Are you teachable? Are you willing to learn from others? Are you adaptable? These are the questions that I've been reflecting on the last year, I want to sit and learn from others. Every person has value, they have an amazing story. Do you act like you know everything? Do you have all the answers? When I meet people who aren't teachable it makes me sad for them. There are so many amazing moms out there with wisdom and lessons to teach. Join me for part 2 of my Janurary interview (oops is it February already?) with Whitney!

If you missed part 1 CLICK HERE


Q- Are you a laid back mom or a strict mom?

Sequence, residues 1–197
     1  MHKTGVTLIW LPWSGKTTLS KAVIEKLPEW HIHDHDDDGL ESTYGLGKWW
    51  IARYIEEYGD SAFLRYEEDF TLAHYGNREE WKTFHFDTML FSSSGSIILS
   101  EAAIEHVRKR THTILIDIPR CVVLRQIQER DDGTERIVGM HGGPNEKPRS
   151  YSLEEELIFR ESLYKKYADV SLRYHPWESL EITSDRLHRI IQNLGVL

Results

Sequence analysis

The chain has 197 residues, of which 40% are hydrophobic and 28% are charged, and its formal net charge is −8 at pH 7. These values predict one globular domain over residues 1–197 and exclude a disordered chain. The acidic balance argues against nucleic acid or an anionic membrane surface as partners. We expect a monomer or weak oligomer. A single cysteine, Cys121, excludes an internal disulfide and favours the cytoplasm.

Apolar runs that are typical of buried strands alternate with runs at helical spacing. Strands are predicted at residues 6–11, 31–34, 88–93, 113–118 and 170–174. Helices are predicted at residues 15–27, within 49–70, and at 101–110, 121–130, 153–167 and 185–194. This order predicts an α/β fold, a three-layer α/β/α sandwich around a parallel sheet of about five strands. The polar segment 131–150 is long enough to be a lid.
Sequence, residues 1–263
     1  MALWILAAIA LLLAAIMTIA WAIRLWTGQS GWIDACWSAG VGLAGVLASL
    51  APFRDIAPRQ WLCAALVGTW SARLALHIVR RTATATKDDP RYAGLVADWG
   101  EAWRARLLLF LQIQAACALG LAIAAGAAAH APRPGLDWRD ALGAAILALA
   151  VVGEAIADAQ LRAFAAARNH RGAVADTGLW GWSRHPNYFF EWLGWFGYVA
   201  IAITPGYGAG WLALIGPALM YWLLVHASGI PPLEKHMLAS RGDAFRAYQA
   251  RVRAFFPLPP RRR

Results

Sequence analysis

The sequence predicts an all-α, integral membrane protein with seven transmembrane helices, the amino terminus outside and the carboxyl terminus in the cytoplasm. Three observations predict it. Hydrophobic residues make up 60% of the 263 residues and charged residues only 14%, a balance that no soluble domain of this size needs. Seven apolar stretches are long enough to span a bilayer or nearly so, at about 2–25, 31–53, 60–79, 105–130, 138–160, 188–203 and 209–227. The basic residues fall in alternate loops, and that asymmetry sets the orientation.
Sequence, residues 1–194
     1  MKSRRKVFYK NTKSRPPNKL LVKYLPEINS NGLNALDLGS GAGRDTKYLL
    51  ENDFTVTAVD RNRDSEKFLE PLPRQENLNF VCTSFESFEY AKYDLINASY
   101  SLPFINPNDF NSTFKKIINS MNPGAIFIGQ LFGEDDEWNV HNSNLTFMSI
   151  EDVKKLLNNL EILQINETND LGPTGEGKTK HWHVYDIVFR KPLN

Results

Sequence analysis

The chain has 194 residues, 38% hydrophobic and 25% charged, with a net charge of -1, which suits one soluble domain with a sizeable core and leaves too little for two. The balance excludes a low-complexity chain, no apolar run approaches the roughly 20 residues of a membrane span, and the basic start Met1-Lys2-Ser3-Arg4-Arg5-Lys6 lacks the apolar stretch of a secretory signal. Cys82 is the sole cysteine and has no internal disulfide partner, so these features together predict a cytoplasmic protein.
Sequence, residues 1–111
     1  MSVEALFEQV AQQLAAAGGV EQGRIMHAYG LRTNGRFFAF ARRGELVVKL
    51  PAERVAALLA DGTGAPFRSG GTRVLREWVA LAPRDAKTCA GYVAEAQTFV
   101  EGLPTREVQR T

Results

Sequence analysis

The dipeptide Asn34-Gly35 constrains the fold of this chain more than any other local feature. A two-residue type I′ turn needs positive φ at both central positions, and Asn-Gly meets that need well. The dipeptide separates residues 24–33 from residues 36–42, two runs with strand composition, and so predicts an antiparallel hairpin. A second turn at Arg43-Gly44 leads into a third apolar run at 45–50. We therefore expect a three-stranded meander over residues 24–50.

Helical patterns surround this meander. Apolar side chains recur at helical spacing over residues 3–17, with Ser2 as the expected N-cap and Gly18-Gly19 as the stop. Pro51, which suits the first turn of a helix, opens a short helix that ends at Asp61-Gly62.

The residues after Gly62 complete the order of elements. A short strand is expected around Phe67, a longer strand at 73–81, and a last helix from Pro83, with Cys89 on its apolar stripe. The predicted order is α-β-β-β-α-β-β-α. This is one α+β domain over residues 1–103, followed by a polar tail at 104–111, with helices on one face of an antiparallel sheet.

A- I consider myself laid back. My boys said that one of the things they liked was that you always gave them the pros and the cons, but I always let them make their own choice. Even when they were young, they remember me saying "well let's talk through that. Here's what's going to happen if you do that and here's what going to happen if you don't. And here are the positives and there are always positives, even with sin there's positives. Unfortunately. The end result is death- The wages of sin is death. I probably said that 1,000 times. But you always have a choice. So you have to make your choices on your own." So I think I'm probably really laid back, but I also tried to make conscious choices with my boys. For instance, I always chose to have my boys friends at our house, we would have parties and invite kids that they didn't necessarily hang out with and my boys said that made them be more social, it made them be more kind to people they really didn't know, it made them branch out. And they appreciate that now because they said it always made them a better person, it helped them to feel confident in talking to whomever as they got older. They said they felt like they had never met a stranger.